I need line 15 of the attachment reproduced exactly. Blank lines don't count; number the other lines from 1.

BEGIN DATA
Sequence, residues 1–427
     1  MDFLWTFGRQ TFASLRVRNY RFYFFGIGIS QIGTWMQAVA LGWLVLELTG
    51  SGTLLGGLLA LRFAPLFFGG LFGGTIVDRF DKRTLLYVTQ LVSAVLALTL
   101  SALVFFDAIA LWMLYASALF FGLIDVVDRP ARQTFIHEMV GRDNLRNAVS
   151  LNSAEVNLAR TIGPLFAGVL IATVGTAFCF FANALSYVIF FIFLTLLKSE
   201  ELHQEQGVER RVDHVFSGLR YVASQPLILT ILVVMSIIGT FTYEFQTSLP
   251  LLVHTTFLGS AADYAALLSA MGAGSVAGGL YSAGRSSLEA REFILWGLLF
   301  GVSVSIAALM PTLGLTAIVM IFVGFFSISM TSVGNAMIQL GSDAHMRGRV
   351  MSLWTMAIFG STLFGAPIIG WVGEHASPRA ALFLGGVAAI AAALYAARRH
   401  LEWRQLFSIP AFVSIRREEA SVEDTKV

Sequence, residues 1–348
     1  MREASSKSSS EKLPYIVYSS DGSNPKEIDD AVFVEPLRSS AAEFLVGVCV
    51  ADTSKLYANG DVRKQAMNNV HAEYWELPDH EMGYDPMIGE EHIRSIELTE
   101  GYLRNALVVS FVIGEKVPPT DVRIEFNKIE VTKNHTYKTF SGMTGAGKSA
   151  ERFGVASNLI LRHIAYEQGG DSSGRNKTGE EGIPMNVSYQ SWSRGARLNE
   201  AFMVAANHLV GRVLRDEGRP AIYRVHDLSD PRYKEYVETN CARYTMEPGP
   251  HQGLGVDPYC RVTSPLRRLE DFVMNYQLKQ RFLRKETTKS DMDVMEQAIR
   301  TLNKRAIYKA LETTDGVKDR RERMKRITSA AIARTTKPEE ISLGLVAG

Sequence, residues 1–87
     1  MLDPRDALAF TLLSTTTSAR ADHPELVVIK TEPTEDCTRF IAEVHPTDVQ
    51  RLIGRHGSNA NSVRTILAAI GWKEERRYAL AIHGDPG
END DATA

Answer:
   151  ERFGVASNLI LRHIAYEQGG DSSGRNKTGE EGIPMNVSYQ SWSRGARLNE